So, from his residence in Paris, Jefferson wrote his colleagues — Franklin, Madison, and others — asking them to go out and measure American animals, so he could create his own data set. As biologist Lee Alan Dugatkin describes it in his book, Mr. Jefferson and the Giant Moose, the Founding Fathers quickly responded. Madison sent Jefferson a precise description of a local Virginian weasel, measuring all the parts — down to the "distance between the anus and the vulva."
Jefferson put all these measurements into a table, and published it years later in his Notes on the State of Virginia, comparing a 410-pound bear from America to Europe's 153.7-pound version, America's 12-pound otter to Europe's 8.9-pounder. Mooallem describes Jefferson as a man obsessed. He had to prove Buffon wrong, and (this being an Enlightened Age) he wanted to prove it scientifically — by measuring, describing and building his argument.
Dinner And The Moose
The two men met in the 1780s at Buffon's home in Paris, and it was ... well, an upsy/downsy evening. Jefferson arrived armed with data, ready for battle. But Buffon one-upped him, plopping a new manuscript into his hands and announcing, "When Mr. Jefferson shall have read this, he will be perfectly satisfied that I am right." That move diplomatically shushed the American guest. He had to read the thing, which presumably postponed the argument until — during dinner — somebody mentioned a moose.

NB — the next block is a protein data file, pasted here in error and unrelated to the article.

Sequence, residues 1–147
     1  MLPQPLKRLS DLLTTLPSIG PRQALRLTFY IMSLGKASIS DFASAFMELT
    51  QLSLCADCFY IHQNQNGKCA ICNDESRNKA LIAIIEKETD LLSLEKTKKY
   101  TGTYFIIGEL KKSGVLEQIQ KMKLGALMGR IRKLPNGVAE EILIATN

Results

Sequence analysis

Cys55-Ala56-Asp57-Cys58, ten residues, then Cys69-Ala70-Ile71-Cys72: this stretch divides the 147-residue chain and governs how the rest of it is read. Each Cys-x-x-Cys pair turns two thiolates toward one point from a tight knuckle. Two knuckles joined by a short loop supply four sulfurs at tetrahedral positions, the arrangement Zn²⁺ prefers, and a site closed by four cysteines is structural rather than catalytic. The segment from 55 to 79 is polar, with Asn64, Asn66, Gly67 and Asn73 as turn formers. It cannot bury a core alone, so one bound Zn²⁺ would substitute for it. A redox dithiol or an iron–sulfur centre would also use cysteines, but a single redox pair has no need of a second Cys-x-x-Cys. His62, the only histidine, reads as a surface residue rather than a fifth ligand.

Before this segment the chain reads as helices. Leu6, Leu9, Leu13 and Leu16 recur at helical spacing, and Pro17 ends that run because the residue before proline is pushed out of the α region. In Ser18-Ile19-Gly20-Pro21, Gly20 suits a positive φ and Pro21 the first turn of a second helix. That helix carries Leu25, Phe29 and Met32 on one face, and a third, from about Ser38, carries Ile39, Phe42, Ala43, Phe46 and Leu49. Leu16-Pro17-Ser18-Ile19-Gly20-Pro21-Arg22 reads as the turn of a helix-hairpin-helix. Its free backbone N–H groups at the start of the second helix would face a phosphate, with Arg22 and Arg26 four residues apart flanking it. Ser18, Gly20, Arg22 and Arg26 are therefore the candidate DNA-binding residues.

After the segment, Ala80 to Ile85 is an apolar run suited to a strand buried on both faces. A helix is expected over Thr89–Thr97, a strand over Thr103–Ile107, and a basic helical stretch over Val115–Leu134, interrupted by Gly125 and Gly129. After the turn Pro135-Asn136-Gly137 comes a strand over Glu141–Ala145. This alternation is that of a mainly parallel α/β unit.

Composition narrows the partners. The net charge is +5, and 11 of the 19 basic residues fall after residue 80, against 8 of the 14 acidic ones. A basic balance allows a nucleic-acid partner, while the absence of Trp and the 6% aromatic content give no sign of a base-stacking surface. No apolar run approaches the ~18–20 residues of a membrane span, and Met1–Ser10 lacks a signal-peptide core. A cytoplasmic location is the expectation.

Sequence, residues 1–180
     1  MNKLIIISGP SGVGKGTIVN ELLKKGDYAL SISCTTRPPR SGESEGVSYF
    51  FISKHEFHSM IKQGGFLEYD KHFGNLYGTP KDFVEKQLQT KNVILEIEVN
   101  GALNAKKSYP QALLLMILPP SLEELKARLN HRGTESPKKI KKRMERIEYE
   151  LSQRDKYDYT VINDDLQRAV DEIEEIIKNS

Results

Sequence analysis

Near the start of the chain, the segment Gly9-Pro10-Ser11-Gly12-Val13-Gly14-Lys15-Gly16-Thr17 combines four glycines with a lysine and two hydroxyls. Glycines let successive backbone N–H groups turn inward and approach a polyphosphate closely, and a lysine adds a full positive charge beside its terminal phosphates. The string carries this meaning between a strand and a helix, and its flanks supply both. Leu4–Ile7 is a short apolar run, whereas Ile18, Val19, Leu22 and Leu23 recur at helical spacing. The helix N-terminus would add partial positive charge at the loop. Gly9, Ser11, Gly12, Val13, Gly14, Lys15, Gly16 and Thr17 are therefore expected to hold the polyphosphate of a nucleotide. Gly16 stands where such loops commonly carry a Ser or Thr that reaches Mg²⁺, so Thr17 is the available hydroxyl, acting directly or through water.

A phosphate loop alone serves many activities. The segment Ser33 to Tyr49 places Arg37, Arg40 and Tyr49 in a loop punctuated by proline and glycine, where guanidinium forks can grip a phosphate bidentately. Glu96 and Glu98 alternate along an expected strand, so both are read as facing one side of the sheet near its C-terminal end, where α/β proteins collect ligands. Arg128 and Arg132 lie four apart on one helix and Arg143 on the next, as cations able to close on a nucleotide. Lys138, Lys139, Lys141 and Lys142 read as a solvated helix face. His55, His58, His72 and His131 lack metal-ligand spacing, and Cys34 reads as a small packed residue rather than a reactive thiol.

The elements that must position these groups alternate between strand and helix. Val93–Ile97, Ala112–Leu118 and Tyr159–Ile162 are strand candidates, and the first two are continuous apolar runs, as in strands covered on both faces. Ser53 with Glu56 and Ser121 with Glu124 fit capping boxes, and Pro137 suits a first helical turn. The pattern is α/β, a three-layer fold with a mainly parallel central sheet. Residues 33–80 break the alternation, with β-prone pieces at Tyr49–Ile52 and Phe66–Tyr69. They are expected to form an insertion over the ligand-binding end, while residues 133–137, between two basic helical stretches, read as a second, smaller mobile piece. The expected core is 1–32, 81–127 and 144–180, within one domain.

There are lots of moose in North America. In Europe, they're usually called elk. Count Buffon decided that animals that size couldn't exist in such a diminished environment. He figured some local must have seen a reindeer and morphed it into a grandly oversized, cartoon animal with big antlers.
Jefferson begged to differ. More than differ, he told Buffon that a reindeer is pitiable next to an American moose. As he recounted the conversation later, he told the count, "the rein deer could walk under the belly of our moose."
Oooh boy. Mud-fight time.
Buffon apparently scoffed. Jefferson left that dinner determined to find a moose and deliver it — skin, antlers and all — straight to Buffon's chichi house. As Mooallem describes it, "Jefferson started issuing a flurry of letters home, pleading for someone in America, anyone, to kill and stuff the largest moose he could find and ship it to him in France."
Send Me A Moose, Quick. Make It Big